Canada and Germany have signed an agreement to team up on green energy innovation and trade — with an eye to hydrogen as the market for the low-carbon fuel heats up.
Signed today by the two countries’ energy ministers, the memorandum of understanding outlines a plan to co-operate on energy policy and research as both countries strive to reach the goal of net-zero emissions by 2050.
Natural Resources Minister Seamus O’Regan says Quebec and his home province of Newfoundland and Labrador are particularly well poised to start generating so-called “green hydrogen,” which burns cleanly and can be produced using wind and solar power.
“We have tremendous challenges and opportunities here in Canada,” said O’Regan. “There is no other democracy with the bounty of natural resources that we have and yet we face the urgency of climate change.”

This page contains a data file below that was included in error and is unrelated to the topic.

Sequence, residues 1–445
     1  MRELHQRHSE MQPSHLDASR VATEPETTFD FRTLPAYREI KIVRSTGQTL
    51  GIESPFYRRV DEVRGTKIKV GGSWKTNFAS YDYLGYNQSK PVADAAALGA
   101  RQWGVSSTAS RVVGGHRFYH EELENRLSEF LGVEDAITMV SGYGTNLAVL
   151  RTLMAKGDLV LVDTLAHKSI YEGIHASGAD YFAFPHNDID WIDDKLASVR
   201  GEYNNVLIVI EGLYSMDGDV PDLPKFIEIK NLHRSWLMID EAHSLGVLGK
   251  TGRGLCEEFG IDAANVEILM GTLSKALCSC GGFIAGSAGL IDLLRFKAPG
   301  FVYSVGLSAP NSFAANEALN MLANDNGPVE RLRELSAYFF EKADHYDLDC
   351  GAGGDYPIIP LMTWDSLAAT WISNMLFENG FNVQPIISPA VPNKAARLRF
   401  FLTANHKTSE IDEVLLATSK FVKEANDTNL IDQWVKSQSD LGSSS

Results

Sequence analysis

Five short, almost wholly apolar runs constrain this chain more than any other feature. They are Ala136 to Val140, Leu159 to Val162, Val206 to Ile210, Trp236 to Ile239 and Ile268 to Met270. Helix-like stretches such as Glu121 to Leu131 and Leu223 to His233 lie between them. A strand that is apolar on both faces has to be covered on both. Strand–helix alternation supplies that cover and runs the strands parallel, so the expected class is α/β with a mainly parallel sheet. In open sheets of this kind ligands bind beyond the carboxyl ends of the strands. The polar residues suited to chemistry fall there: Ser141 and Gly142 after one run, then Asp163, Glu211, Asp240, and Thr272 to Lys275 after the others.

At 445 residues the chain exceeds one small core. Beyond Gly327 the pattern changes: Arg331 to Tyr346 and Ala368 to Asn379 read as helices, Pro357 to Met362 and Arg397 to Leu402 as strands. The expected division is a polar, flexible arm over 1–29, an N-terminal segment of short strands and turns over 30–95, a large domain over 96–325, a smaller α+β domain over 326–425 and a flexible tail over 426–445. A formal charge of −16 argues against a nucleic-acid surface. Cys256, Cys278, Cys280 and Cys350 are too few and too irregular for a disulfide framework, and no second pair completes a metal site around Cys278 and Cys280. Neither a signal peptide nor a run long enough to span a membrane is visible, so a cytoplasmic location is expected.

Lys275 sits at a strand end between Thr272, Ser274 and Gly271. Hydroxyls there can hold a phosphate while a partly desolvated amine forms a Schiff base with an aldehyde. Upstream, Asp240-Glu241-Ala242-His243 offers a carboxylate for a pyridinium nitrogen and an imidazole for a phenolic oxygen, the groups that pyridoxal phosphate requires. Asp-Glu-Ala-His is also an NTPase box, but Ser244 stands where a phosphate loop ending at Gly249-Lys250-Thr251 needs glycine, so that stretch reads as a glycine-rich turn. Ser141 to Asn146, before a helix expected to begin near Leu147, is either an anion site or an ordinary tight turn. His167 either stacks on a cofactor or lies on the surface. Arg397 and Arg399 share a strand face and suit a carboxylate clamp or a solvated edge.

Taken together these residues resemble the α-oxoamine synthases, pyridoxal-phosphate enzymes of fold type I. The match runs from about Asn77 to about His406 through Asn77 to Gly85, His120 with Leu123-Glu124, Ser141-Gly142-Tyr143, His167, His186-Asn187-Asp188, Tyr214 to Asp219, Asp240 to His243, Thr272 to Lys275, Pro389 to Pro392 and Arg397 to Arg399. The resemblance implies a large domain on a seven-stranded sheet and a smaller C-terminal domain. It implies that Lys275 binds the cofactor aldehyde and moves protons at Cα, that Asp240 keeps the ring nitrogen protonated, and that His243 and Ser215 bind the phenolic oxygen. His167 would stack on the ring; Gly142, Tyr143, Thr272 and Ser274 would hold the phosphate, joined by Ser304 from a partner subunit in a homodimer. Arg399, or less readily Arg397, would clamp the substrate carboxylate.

O’Regan stressed the need to retrain workers in regions with economies long reliant on struggling fossil fuel industries, saying the transition could be “messy” and that “oil will be with us for some time.”
He also said liquefied natural gas could serve as a handy “bridge fuel” to cross over into green-energy territory. Germany is aiming to integrate LNG imports and hydrogen production into its energy strategy.
The two countries might not see fully eye to eye on hydrogen, with Canada focusing on so-called “blue hydrogen” that is typically derived from natural gas and coupled with carbon-capture technology to reduce emissions.
“We have been inspired by Germany’s leadership in the area of hydrogen and in the European Union’s green vision. We need you both as potential customers for our product,” said O’Regan.